Before they are done the FTC will have law making authority and enforcement powers ... all brought to you by the political appointees who man the helm.

Hopefully the FCC will object, and the Justice department will reign in this notion that they are somehow mandated let alone empowered to 'shape' anything..... nah!....

This is what the politician's trade in, power for money....

Power over us, and ironically, we are compelled to pay for it.

posted on Dec, 2 2009 @ 03:52 PM
Tax and Control. Control and Tax.

When one is afraid of chaos, what does one do?

Try to control it.

Government(TPTB, corporations, the elite, etc etc) is/are afraid of people, of chaos, so what do they do.

Tax and Control.

S&F the future is looking bright with everyone distributing information, when that stops, is when we need to worry. This is up their with the most important topics out their now. Good find OP.

posted on Dec, 2 2009 @ 04:46 PM
Here's another article about the government control of the media, legally.

If media institutions are made tax exempt non-profit orgs., then it will be against the laws of their agreement to criticize the gov'ment just like most churches.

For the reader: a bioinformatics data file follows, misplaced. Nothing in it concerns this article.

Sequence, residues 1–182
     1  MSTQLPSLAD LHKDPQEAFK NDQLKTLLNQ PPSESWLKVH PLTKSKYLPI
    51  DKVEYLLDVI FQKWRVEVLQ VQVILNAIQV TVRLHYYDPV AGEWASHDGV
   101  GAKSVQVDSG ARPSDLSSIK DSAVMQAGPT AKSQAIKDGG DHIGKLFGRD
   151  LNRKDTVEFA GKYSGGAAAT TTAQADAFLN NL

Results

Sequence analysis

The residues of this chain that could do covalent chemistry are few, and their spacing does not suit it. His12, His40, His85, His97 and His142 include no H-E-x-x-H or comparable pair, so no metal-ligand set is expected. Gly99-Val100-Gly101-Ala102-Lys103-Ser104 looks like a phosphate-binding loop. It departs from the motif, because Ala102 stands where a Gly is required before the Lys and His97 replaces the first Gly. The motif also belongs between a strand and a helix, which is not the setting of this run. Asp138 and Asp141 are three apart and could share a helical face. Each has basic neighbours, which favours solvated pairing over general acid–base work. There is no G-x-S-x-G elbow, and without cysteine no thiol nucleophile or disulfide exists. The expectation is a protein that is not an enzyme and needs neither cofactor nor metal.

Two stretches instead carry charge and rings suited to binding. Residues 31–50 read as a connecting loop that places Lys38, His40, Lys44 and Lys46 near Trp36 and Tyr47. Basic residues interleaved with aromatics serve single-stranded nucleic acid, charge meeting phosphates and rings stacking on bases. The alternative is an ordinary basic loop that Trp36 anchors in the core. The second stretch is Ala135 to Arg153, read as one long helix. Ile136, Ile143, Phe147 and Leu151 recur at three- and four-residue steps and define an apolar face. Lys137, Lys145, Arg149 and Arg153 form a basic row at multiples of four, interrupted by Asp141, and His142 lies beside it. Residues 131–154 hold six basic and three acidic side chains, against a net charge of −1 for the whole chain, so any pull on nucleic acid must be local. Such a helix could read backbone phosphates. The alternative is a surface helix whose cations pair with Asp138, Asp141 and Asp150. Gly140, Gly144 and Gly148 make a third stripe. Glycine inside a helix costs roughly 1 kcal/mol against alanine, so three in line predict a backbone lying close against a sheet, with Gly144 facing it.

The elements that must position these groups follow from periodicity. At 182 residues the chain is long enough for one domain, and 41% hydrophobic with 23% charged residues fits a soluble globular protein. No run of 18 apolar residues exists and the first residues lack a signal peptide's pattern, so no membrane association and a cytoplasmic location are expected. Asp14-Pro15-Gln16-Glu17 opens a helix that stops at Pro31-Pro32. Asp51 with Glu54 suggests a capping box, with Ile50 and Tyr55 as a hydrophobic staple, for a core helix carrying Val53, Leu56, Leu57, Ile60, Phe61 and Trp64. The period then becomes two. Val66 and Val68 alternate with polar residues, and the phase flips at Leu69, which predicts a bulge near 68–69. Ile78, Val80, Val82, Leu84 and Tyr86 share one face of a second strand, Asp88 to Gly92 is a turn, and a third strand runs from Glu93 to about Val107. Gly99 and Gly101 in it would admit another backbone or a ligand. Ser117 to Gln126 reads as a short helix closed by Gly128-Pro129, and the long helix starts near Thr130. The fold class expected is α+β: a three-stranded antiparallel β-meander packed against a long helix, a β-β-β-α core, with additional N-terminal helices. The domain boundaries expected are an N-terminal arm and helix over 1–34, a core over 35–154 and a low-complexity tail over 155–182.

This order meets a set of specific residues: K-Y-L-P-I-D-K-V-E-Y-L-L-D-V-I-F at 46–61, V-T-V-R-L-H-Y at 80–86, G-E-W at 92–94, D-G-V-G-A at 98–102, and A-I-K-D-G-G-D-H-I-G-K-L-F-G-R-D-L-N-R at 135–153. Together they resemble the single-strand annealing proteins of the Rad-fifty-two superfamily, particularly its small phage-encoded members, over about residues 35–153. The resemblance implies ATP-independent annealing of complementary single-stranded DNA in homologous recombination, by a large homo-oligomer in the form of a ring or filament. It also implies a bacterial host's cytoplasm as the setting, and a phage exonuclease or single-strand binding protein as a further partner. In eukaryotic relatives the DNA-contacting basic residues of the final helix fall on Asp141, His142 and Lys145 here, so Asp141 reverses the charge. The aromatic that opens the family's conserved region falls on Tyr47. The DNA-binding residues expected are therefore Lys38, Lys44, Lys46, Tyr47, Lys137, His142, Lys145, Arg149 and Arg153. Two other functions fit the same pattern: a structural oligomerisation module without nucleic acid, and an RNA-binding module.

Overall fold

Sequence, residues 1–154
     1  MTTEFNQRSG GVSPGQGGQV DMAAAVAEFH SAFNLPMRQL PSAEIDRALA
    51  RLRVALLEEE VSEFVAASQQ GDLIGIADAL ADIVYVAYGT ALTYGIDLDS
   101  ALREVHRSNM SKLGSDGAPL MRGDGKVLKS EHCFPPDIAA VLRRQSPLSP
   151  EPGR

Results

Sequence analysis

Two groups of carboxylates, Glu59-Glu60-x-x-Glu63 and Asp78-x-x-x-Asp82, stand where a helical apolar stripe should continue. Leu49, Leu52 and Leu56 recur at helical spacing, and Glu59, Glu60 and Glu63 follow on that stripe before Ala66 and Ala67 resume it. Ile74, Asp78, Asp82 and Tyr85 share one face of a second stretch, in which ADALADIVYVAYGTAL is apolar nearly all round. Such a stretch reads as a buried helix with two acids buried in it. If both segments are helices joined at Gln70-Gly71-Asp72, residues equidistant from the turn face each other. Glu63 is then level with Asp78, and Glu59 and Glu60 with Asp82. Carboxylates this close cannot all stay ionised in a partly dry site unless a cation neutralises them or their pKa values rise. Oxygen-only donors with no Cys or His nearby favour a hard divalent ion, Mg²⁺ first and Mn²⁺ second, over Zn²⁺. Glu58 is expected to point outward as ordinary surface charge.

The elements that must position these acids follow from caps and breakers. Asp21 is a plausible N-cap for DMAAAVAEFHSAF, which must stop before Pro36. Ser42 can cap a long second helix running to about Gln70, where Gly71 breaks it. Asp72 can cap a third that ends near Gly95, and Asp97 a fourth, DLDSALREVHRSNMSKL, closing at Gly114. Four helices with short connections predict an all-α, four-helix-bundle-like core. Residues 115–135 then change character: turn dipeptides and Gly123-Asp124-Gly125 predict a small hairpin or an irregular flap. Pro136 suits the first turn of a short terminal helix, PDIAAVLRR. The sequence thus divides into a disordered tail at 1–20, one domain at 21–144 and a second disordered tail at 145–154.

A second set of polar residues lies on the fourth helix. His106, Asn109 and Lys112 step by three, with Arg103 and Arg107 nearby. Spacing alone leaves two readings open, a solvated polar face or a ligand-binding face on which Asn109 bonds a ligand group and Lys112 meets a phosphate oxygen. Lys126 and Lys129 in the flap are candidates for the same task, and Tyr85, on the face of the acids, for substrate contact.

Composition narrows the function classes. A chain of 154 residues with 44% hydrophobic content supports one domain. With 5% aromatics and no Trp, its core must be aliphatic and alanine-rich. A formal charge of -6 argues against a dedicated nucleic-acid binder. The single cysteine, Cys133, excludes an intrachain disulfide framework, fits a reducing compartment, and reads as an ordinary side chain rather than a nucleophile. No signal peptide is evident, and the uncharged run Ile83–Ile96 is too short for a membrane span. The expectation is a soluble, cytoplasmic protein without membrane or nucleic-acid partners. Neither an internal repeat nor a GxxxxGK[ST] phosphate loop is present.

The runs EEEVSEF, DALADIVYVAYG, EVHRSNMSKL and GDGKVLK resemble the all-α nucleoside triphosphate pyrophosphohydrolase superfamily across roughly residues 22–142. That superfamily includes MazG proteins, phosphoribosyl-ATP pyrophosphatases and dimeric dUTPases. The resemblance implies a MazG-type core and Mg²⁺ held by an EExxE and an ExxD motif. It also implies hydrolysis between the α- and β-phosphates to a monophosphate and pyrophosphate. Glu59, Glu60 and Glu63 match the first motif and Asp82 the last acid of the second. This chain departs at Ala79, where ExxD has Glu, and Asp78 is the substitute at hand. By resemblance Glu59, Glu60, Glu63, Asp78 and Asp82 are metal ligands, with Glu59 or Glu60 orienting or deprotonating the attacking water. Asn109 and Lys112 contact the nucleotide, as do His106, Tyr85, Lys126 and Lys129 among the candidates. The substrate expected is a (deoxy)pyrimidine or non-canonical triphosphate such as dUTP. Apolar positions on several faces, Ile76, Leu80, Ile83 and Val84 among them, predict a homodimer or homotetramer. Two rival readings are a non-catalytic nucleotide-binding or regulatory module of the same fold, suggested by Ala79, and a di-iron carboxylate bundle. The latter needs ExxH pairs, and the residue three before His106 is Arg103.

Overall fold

"Among the options being discussed: tax law changes that would allow media companies to earn tax credits or become tax-exempt entities, and copyright law changes that would force search engines and other online aggregrators to compensate media companies for the content they produce.

Also on the table is a proposed change in antitrust rules to allow newspapers to jointly negotiate payments from Web sites that use their content.

The FTC is planning more workshops in the spring to discuss in greater depth the ideas that emerge this week.

Congress has also tried to tackle questions about the future of the media business, particularly print journalism. Last spring, Sen. John Kerry, D-Mass., held a hearing on the financial troubles facing the newspaper industry. And Sen. Benjamin Cardin, D-Md., has introduced a bill that would allow newspapers to restructure as non-profits."